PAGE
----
Waterton Lakes National Park


Waterton Lakes National Park Lake Fish and Fishing

The lakes and rivers of Waterton Lakes National Park hold a variety of fish, most of which belong to the trout and salmon family and are classed as cold-water species—that is, they inhabit waters where the temperature ranges 4-18°C (39-64°F). The predominant species, the RAINBOW TROUT, is not native to the mountains; it was introduced from more northern Canadian watersheds as a sport fish and is now common throughout lower-elevation lakes and rivers. It has an olive-green back and a red stripe running along the center of its body.

rainbow trout, Waterton Lakes National Park

A rainbow trout.

Only three species of trout are native to the Canadian Rockies. One of these, the BULL TROUT, is Alberta’s provincial fish. Throughout the mid-1900s, this truly native Canadian trout was perceived as a predator of more favored introduced species and was mostly removed. Today in Waterton Lakes National Park, what was once the most widespread trout east of the Continental Divide, is confined to the upper reaches of the Belly River and is classed as a threatened species. While the bull trout has adapted to the harsh conditions of its reduced habitat, its continuing struggle for survival can be attributed to many factors, including a scarcity of food and a slow reproductive cycle. Bull trout grow to 70 centimetres (27 inches) in length and weigh up to 10 kilograms (22 pounds).

The LAKE TROUT, which grows to 20 kilograms (44 pounds), is native to the Waterton Lakes. Identified by a silvery-gray body and irregular white splotches along its back, this species grows slowly, taking up to 8 years to reach maturity and living up to 25 years. Lake trout have been drawing anglers to the region since the 1880s when John George “Kootenai” Brown guided visitors to the best fishing holes.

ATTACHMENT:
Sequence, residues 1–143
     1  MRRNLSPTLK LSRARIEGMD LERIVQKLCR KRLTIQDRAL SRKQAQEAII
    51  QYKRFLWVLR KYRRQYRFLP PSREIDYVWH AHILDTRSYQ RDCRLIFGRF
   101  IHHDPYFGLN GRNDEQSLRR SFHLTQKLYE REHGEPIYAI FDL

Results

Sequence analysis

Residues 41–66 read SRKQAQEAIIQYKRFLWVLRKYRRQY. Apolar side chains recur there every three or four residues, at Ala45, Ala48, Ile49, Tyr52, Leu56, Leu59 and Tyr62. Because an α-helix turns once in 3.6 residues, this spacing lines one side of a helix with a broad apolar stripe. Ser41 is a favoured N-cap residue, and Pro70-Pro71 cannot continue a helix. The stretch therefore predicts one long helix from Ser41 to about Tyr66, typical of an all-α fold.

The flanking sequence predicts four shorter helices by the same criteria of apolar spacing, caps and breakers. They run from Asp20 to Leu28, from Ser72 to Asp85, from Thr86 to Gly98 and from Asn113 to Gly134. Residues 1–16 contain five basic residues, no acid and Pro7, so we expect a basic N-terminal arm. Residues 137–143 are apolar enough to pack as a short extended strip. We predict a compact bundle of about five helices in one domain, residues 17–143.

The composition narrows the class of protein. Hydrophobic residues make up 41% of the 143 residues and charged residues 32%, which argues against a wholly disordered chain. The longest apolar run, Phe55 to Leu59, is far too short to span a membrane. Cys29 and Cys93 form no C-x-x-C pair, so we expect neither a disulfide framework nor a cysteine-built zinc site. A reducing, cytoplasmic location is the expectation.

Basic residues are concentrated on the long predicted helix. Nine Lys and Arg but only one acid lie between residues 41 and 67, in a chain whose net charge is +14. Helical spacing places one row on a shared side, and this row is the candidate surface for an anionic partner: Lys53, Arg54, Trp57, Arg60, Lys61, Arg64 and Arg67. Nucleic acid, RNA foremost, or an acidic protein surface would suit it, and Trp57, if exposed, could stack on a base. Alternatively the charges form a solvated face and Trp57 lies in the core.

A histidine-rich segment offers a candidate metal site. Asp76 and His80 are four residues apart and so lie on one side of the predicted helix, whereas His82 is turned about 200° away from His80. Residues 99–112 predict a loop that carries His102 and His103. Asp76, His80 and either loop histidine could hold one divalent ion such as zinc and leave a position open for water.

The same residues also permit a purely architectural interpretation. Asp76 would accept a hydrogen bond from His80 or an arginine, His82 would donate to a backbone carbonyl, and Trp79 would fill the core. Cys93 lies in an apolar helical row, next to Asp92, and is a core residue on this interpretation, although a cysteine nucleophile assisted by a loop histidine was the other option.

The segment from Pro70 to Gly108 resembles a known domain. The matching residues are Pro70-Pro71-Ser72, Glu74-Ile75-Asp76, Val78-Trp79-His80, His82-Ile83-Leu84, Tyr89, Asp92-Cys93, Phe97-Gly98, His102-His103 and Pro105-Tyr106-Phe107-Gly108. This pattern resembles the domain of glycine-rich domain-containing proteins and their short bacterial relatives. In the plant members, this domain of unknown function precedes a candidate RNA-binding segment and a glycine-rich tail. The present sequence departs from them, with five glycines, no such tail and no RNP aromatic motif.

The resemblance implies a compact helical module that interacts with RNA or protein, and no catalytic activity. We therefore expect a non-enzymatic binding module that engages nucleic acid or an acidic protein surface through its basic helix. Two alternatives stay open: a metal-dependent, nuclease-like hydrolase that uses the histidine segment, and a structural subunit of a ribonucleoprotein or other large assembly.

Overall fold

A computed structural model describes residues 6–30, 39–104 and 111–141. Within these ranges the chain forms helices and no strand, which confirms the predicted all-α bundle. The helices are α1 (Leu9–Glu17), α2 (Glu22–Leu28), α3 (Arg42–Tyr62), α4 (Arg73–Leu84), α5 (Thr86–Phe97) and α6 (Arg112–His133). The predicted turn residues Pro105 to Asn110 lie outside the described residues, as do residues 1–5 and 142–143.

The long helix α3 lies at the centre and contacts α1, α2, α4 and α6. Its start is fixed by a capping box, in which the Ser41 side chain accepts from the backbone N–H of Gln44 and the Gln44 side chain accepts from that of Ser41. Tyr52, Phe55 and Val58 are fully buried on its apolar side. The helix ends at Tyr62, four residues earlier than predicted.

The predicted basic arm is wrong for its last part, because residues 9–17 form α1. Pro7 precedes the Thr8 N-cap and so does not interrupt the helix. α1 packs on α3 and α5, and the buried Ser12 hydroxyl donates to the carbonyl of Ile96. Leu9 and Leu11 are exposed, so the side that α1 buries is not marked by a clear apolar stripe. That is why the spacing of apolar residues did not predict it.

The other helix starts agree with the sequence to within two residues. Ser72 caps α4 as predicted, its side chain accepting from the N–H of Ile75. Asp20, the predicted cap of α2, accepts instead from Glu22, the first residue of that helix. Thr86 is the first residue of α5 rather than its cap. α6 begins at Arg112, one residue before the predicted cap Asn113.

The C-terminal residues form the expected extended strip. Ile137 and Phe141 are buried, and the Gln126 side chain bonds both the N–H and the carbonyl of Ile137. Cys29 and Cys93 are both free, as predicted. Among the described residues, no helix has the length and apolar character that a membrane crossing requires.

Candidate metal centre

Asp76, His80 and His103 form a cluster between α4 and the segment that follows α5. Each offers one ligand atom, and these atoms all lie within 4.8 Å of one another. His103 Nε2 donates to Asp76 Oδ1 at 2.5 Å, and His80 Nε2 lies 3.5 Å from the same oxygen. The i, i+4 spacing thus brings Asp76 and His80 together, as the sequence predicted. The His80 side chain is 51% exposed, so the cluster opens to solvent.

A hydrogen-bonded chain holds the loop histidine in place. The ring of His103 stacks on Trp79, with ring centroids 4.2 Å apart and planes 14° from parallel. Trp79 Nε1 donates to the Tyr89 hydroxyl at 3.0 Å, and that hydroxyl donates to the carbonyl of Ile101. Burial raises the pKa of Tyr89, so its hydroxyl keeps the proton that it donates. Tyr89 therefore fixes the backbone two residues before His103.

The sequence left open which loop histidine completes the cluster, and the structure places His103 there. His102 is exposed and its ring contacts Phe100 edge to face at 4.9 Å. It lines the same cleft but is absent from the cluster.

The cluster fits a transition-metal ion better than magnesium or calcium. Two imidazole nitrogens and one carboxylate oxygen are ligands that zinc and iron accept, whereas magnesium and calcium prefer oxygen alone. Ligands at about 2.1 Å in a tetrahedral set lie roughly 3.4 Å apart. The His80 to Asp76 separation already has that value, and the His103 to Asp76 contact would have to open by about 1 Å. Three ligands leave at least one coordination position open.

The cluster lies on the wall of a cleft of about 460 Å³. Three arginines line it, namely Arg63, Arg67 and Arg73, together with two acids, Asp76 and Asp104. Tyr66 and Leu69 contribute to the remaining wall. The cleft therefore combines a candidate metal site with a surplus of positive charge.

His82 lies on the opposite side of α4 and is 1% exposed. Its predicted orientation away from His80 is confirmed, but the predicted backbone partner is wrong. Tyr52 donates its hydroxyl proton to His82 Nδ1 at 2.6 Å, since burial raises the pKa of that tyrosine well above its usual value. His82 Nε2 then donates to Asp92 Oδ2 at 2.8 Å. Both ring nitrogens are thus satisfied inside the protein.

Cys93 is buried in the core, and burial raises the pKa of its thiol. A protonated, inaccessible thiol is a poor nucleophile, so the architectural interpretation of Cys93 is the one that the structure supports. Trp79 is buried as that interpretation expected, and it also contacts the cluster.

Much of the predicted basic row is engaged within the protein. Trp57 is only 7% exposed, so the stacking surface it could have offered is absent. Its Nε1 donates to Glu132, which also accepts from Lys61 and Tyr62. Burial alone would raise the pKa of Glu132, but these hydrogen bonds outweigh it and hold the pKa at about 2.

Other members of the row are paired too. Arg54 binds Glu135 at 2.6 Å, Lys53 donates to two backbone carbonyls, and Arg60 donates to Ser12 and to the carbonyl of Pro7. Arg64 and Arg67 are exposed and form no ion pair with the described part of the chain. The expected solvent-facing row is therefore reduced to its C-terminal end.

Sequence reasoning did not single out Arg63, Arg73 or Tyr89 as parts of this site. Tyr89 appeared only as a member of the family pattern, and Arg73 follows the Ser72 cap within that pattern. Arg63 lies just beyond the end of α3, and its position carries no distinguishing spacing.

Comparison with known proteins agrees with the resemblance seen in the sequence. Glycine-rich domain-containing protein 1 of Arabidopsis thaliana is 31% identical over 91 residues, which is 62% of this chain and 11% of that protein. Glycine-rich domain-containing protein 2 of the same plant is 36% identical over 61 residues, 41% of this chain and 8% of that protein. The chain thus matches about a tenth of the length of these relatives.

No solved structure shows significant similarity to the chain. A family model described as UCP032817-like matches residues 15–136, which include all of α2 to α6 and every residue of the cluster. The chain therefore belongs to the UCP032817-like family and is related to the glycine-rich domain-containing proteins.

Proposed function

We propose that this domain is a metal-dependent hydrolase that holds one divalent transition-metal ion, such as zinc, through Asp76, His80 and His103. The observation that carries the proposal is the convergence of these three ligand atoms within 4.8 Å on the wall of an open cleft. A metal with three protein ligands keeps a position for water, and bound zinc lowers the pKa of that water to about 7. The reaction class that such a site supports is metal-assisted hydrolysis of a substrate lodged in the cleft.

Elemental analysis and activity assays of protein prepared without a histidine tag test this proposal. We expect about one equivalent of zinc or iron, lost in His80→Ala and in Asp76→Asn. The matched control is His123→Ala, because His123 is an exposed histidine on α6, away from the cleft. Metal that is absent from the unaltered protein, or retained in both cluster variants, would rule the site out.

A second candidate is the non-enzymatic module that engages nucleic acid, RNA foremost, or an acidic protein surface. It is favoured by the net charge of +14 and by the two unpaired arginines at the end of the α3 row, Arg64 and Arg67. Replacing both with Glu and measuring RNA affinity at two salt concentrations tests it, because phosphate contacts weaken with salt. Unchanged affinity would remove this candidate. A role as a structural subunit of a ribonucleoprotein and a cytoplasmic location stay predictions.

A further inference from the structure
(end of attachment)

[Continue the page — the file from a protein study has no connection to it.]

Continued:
Named for a bright red dash of colour that runs from below the mouth almost to the gills, the CUTTHROAT TROUT is native to southern Alberta’s mountain streams, but it has been introduced to high-elevation lakes and streams on both sides of the Canadian Rockies. The BROOK TROUT is a colourful fish identified by a dark-green back with pale-coloured splotches and purple-sheened sides. It is native to eastern Canada but was introduced to the mountains as early as 1903 and is now widespread throughout lakes and streams on the Alberta side of the Continental Divide, including Cameron Lake.

Regulations and Licenses

To fish in Waterton Lakes National Park, a National Park Fishing License is required. Licenses are sold at the Waterton Lakes Visitor Centre as well as local outdoor retailers. The cost is $10 for a one-day license or $35 for an annual license. The brochure Fishing Regulations Summary, available from Waterton Lakes Visitor Centre or online here, details limits and closures.